Published on September 14, 2023

Gaslighting is a form of emotional abuse and Domestic Abuse Act 2021 is clear that emotional abuse is a form of domestic abuse.

Gaslighting is a kind of emotional manipulation when the perpetrator slowly alters the perception the victim has of him or herself and world around them.

Gaslighting may include (but it is not limited to) persistent lying, undermining victims’ confidence, thinking, reasoning and intelligence,  encouraging the feelings of guilt, questioning victim’s sanity, their perception of reality, including past and present events, questioning victims perception of other people and their actions, encouraging feelings of inadequacy. It may focus on criticising victim’s looks, choices or set of beliefs. Perpetrators may switch between charm and anger making the victim feel constantly on edge and encouraging the feeling that the victim is responsible for the perpetrator’s change of mood. It generally affects victim’s self-esteem and as it is perpetrated over a long period of time the victim may not even be aware that it is happening. It can start with perpetrator making little, seemingly insignificant suggestions and corrections to the victim’s way of behaving, thinking, likes and dislikes and slowly but surely its likely to grow and expand to encompass many (if not all) of victim’s thinking and perceptions about themselves and about the world around them.

It is hugely difficult for victims themselves to recognise perpetrator’s actions as gaslighting as with time their perception of the world and themselves can become entirely aligned with that of the perpetrator and therefore in victim’s own eyes, they are at fault, they are the ones that need to change their behaviour and actions.

It is not unusual for victims to disbelieve anyone and everyone that attempts to point emotionally abusive and manipulating behaviours of the perpetrators to them and completely side with the perpetrator against any outside influences.

Eventually, gaslighting is likely to achieve social isolation of the victim, loss of their self-esteem and even loss of their own identity. It will achieve complete and unhealthy reliance on the perpetrator, making any breaking away from the perpetrator harder and harder.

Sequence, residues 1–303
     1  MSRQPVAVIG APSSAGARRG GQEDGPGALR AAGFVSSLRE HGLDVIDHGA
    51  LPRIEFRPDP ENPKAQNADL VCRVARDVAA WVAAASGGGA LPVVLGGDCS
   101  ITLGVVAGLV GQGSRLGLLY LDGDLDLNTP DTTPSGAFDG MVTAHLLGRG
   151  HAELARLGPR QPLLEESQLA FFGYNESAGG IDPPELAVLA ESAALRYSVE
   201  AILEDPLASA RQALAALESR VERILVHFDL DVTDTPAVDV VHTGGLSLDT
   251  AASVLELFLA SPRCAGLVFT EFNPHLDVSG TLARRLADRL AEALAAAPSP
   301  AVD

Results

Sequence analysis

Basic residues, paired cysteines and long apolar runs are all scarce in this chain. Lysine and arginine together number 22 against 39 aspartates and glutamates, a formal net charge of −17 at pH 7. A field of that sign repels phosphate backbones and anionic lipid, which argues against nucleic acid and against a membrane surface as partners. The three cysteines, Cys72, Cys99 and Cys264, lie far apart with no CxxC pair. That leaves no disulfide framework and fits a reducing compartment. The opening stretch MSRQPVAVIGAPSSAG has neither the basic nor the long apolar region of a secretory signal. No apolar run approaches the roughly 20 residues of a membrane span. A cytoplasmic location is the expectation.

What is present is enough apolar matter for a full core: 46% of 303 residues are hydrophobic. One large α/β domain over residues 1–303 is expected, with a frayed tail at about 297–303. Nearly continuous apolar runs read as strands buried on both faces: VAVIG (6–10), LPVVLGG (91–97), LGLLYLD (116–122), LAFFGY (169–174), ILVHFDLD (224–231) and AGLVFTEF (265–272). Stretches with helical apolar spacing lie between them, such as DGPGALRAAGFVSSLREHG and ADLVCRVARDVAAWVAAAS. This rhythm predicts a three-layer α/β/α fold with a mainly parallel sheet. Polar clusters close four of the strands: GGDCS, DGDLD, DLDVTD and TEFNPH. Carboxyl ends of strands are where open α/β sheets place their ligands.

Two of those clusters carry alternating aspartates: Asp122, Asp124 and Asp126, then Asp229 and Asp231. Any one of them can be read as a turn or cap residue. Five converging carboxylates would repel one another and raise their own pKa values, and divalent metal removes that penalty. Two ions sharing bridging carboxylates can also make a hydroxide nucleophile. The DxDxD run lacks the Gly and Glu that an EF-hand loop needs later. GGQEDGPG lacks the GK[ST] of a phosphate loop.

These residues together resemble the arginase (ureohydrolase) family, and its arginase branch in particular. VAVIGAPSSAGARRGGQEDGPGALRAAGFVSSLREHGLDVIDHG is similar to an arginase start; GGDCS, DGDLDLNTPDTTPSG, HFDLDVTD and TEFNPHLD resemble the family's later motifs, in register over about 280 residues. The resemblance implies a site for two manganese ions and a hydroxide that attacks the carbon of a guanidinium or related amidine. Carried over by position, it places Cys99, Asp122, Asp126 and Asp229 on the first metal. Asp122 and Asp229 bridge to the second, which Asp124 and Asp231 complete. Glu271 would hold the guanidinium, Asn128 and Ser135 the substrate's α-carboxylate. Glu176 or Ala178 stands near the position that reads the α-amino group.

Breaking the cycle of abuse, however, is not impossible. It is undoubtedly hard and difficult step for the victim to take, making them feel worse, helpless and at the rock bottom, before they can start re-building themselves.

What is gaslighting? How can you prove it in court?

Due to its very nature, it is difficult for victims to pursue allegations of gaslighting in court. It is difficult for victims to describe and put into words individual instances of perpetrator’s manipulating behaviours, particularise and compartmentalise manipulations that have become part of their own being and their own belief system.

However, with careful analysis of perpetrator’s past behaviours, descriptions of victim’s changed life experiences and perceptions it is possible to show to the court that the victim has been subjected to gaslighting behaviours.

The case of RE: H-N and others (Children) (Domestic Abuse: finding of fact hearing) [2021] EWCA Civ 448 is particularly significant in my view, in victims’ abilities to pursue allegations of gaslighting in court.  It is no longer necessary for victims to plead and evidence individual and specific allegations of domestic abuse. Instead, the courts are now encouraged to consider perpetrators’ behaviours in a wider context, looking for patterns of perpetrators’ actions that amount to coercive, abusive, controlling and gaslighting behaviour. It is no longer necessary to plead individual actions of abuse in schedule of allegations, which would make pleading gaslighting behaviour almost impossible. It is now possible to seek findings on wider patterns of abusive behaviours which, in their totality may amount to gaslighting.